Although we’re a long way from jazz’s 20th century heyday, there are still plenty of places in NYC to get your blues, jazz, and R&B fix that aren’t mad expensive and riddled with Scandinavian tourists. These are our picks, peppered with nods from jazz pianist Danny Fox (who plays around the city with his trio, aptly named the Danny Fox Trio. Check him out!). Jazz is hardly dead here, folks. In fact, it might just be thriving.
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35 E 76th St, Upper East Side Guys, turns out Woody Allen has been moonlighting here as a clarinet player in The Eddy David New Orleans Jazz Band every Monday night for over a decade. And he's pretty good at it! It’ll cost you to hear him though, as this part of the hotel is a supper club with a $75+ per person food and beverage minimum. On the other side of the hotel, however, you’ll find Bemelmans Bar, which has live jazz every night for a nominal cover charge. Either way, don't forget your jacket.
95 Halsey St, Bed-Stuy Although it's popular for crowded late-night DJ dancing on weekends, occasionally there will be live jazz. Neighborhood people do hang out on these nights, but it’s mostly musicians. “It’s a bit insular,” Danny says. So at least you know it's authentic!
178 7th Ave S If you're determined to check out one of the iconic old-school jazz clubs, let it be this one. "This is the most special one. It hasn’t changed at all, the downstairs hasn't even been updated. It's a classic with tons of history and musicians still aspire to play there," Danny says. "Sunday nights can be more of a musician-y hang so you’ll see more playing. Not necessarily 80-year-old legends, but it's the last night to catch that musician who’s visiting, so people come out."
506 5th Ave, Park Slope A lot of young musicians come here to jam and hang out, kind of like the jazz equivalent of an open mic night. And you can be the beneficiary of that! There’s a reasonable cover charge, $5 beer-and-a-shot specials Monday through Friday, very little attitude, and a pinball machine, which is weird because those things make a lot of noise.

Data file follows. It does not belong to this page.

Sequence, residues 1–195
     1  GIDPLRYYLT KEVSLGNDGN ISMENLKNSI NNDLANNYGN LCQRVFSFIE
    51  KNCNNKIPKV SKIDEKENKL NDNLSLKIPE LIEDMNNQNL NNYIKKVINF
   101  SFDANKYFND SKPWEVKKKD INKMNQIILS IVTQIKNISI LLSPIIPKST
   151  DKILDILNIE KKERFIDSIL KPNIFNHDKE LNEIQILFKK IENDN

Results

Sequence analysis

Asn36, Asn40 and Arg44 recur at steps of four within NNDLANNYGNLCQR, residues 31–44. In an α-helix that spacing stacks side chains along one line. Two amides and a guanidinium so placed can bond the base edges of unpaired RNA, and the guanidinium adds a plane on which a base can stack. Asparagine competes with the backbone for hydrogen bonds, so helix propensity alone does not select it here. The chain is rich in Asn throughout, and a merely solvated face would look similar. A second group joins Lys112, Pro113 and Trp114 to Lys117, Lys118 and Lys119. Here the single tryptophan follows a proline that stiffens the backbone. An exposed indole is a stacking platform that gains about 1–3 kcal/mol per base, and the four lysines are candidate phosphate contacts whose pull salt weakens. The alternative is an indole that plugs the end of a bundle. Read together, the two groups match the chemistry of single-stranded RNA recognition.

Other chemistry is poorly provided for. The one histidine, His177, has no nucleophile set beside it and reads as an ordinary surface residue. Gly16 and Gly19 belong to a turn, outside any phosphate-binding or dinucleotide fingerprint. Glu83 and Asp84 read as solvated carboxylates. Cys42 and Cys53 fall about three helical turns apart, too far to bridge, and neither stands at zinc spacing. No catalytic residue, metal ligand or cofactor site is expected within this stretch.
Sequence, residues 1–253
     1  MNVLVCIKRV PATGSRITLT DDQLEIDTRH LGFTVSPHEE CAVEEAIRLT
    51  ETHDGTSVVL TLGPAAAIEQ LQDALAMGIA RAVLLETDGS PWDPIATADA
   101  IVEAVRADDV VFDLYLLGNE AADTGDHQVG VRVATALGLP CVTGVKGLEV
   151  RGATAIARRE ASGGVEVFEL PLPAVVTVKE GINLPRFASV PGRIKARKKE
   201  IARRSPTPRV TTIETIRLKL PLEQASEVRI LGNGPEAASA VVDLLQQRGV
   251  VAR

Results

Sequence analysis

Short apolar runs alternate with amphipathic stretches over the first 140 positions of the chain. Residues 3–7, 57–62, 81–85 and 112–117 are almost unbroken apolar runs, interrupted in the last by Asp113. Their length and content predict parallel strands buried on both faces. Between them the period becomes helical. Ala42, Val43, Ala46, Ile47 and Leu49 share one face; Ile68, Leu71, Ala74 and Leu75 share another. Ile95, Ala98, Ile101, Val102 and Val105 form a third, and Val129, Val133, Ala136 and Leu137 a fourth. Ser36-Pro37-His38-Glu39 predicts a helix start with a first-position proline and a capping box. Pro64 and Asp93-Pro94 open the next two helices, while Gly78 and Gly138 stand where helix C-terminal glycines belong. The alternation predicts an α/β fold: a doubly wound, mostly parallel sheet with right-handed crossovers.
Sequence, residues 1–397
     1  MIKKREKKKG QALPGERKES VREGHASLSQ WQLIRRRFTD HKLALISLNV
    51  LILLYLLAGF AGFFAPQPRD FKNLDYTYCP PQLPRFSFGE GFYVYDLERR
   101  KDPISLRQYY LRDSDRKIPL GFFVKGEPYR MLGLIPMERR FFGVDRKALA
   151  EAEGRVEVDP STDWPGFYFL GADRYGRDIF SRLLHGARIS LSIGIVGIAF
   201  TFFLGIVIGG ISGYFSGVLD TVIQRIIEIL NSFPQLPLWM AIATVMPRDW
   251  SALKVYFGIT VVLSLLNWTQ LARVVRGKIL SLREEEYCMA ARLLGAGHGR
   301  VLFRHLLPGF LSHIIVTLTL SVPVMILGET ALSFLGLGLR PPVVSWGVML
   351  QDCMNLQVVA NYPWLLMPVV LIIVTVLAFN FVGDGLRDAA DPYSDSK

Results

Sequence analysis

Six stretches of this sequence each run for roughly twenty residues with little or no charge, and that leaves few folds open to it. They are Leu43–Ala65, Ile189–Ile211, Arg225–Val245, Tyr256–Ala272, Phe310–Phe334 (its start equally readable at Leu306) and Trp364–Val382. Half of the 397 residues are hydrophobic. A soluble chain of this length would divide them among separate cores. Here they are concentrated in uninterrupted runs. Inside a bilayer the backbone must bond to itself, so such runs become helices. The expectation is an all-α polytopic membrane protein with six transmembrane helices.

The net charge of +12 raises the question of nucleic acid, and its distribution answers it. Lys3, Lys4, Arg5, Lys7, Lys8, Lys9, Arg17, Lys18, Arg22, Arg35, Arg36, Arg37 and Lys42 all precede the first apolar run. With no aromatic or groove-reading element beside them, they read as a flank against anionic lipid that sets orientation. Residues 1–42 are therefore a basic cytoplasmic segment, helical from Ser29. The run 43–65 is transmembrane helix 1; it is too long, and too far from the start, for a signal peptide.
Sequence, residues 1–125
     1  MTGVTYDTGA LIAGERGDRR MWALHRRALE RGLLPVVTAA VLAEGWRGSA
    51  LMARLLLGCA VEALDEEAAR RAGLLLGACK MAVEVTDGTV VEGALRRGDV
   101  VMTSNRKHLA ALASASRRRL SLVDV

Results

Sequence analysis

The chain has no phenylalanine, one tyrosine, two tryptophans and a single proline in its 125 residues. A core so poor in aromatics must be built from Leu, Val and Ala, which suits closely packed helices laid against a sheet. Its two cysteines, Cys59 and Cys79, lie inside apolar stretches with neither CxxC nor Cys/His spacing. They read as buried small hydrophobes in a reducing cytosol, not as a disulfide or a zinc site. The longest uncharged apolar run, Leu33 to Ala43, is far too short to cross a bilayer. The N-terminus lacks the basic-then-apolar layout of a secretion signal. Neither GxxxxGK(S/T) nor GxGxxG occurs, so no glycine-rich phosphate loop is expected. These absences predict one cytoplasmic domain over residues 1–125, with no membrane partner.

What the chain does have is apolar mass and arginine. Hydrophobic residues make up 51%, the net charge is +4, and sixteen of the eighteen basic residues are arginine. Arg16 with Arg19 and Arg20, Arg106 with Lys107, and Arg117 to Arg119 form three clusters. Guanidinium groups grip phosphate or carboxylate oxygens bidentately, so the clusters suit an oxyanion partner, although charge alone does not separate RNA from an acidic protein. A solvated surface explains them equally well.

2751 Broadway, Upper West Side In a longstanding series, Harlem jazz vocalist Annette St. John and her trio croon to you over top-notch chicken & waffles every Sunday from 11am-4pm. If you don't have a billion dollars to blow at the Rainbow Room, this is your best bet.
163 W 10th St, West Village Like Smalls, it was opened by Mitch Borden and pianist Spike Wilner (in the same space where the legendary Bradley's once resided), but unlike Smalls, shows won’t run into early morning hours. You could advance purchase a seat, but you don’t have to -- walk-ins are welcome.
57 Grove St, West Village Saucy blues singer Sweet Georgia Brown makes Thursdays and Fridays special with growly versions of songs like "Car Wash," but hear live music (piano, Dixieland, and R&B styles) almost every night of the week, and for no cover charge. The bar draws a great mix of people who have been coming for years and recent grads in fleece Patagonia vests.
349 W 46th St, Hell's Kitchen For $15, you'll get you a whole night of live band Lindy hopping, jitterbugging, waltzing, foxtrotting, and freestyling, plus a free half-hour dance lesson taught at 9pm by a professional instructor in the event you don’t actually know how to do any of the dances listed above.
116 E 27th St, Flatiron “A nice room, the sound is good, they get good acts, and good food,” says Danny in a pretty good review of one of the biggest jazz venues in NYC. And that good food? Blue Smoke BBQ.
55 Christopher St, West Village Eschew uppity jazz scenes and opt for the basement bar, a relaxed remnant of NYC’s Prohibition past. The first of the two nightly shows has no cover, but the second, which usually features bigger players, typically won’t run you more than $10.
224 Ave B, Alphabet City A lot of musicians, young and old, come by this dive on Tuesdays from 11pm-3am to sit in on jam sessions with the house band. “It’s kind of a younger crowd, but some older folks come to check it out,” Danny says.
667 5th Ave, South Park Slope Contemporary original music is the scene here. As Danny says, “It’s a Tuesday night series run by a pianist who lives nearby. Running for awhile, you can always hear pretty adventurous music -- it’s more of a musicians' hang.”
148 West 133rd St, Harlem Every Friday and Saturday, the basement of a Harlem brownstone comes alive with the sounds of the Harlem All Stars and Bill Saxton's saxophone. The BYOB is super small -- definitely make reservations online.
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Carrie Dennis is an associate editor for Thrillist and played the trumpet until eighth grade when she quit because she didn't want to carry it back and forth from lessons. This is one of many deep regrets. Toot at her on Twitter: @CarrrieDennnis.